Share this entry

Share this page

sear

Line breaks: sear
Pronunciation: /sɪə
 
/

Definition of sear in English:

verb

[with object]
1Burn or scorch the surface of (something) with a sudden, intense heat: the water got so hot that it seared our lips figurative a sharp pang of disappointment seared her
More example sentences
  • Even though the sun was near the horizon, it still sent out waves of intense heat that seared the ground until it was bone dry.
  • But the effect of her forgetfulness was that her successor, Stephen Lander, took the heat of some searing criticism for decisions for which he had no responsibility.
  • How will those hardy minions survive the summer blasts of arctic air conditioning in between the bouts of broiling street heat beneath searing serge?
Synonyms
dry up/out, parch, desiccate, dehydrate, wither, shrivel;
discolour, brown, blacken, carbonize;
Medicine cauterize
rare exsiccate
distress, grieve, sadden, make miserable/wretched, upset, trouble, harrow, cause anguish to, afflict, perturb, disturb;
affect, move, sting, mortify, torment, torture, gnaw at, vex, gall
1.1Fix (an image or memory) permanently in someone’s mind or memory: the unfortunate childhood encounter is seared on his memory
More example sentences
  • To talking to Judith for four hours, a conversation fashioned into the searing performance text, voiced by Lata.
  • No lip sync for her, only vocals thatsearedstraight into the heart.
  • But the full story of Partition and its searing human impact had to wait for Sahni's celebrated novel Tamas.
1.2Fry (food) quickly at a high temperature so that it will retain its juices in subsequent cooking: (as adjective seared) seared chicken livers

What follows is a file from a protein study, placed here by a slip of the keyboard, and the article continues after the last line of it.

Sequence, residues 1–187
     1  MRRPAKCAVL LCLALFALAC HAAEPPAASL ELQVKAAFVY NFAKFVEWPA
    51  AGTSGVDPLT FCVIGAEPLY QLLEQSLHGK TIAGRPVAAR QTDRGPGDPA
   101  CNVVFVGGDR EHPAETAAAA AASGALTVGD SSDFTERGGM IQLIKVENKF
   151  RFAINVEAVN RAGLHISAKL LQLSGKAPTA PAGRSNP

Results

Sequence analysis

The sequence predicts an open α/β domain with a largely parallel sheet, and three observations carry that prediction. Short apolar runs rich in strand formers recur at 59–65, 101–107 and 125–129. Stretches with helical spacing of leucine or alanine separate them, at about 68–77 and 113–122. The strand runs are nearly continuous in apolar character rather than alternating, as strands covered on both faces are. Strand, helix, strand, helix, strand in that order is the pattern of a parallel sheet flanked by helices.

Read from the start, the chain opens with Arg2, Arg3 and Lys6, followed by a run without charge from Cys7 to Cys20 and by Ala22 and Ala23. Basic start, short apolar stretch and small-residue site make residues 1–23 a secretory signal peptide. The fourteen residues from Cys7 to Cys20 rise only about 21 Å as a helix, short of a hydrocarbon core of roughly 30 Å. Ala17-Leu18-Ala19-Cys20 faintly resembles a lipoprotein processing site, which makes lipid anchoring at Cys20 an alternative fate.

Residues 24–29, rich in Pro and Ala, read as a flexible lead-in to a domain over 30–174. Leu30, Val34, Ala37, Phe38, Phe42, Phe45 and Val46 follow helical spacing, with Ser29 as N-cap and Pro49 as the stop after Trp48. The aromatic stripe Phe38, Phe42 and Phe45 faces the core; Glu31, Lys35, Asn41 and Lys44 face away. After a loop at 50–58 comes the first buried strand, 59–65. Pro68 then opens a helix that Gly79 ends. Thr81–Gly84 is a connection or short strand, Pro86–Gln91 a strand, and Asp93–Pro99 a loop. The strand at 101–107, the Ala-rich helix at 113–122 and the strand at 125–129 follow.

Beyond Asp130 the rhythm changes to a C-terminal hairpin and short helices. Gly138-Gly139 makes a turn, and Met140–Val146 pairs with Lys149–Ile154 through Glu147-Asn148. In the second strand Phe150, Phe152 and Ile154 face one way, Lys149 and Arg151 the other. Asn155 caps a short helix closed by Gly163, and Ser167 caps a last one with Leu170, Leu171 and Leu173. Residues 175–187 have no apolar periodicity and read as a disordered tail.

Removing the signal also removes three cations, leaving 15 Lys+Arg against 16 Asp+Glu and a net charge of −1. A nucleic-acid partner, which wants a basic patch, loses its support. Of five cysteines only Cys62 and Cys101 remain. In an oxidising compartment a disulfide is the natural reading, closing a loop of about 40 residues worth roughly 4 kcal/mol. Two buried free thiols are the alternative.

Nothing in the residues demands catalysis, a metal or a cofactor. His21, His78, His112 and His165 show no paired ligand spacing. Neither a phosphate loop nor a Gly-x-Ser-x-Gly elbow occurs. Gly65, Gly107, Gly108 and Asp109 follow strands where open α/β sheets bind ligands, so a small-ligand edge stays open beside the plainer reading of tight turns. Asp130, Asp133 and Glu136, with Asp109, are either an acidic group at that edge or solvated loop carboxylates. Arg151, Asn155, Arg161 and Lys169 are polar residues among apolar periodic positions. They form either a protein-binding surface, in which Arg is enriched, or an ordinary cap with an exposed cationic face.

More example sentences
  • This cooking method allows small pieces of food to be seared and cooked very superficially, thus retaining their texture and flavour.
  • He offers this simple tenderloin - quickly sautéed to sear the outside but not melt the marbling inside - for a special holiday meal.
  • The unique characteristic of this charcoal is that it can heat up to a very high temperature, which helps sear the meat and lock in its juice.
Synonyms
flash-fry, seal, brown, fry/grill quickly, toast
2 [no object, with adverbial of direction] (Of pain) be experienced as a sudden, burning sensation: a crushing pain seared through his chest
More example sentences
  • I nodded slightly, starting to sit up, ignoring the twinges of pain searing across my whole upper body.
  • Suddenly a burning pain seared through the centre of her forehead, just above her dark eyebrows.
  • A sharp pain seared through my chest that might or might not have been related to being fresh out of a fight.
3 archaic Cause to wither: when summer sears the plains
More example sentences
  • Scattered along fertile valleys, between sands and snows, most Afghan people farm land which is seared by 40 Centigrade summers, and is snowbound by the long, cold winters.
3.1Make (someone’s conscience or feelings) insensitive: a long career of ambition, craft, and despotic rule never utterly seared his conscience
More example sentences
  • Have we as a people had our conscience so seared that atrocities such as this cause not an eyebrow to even raise?
  • A person with a seared conscience no longer has feelings toward God or His eternal laws.

adjective

Back to top  
variant spelling of sere1.
Example sentences
  • But a certain bitter aura also hung about the flower; the last in bloom among sere grasses, fallen leaves, and rimy dawns.
  • Approaching the small township of Pripyat, downwind from the disaster, we passed through a belt of pinewoods, sere and withered, the needles distorted as if scorched by unseen flame.
  • The flowers will die, sere stalks suggesting bones or ashes.

Origin

Old English sēar (adjective), sēarian (verb), of Germanic origin.

Definition of sear in:

Share this entry

Share this page

 

What do you find interesting about this word or phrase?

Comments that don't adhere to our Community Guidelines may be moderated or removed.

Get more from Oxford Dictionaries

Subscribe to remove adverts and access premium resources

Word of the day cumbersome
Pronunciation: ˈkʌmbəs(ə)m
adjective
large or heavy and therefore difficult to carry…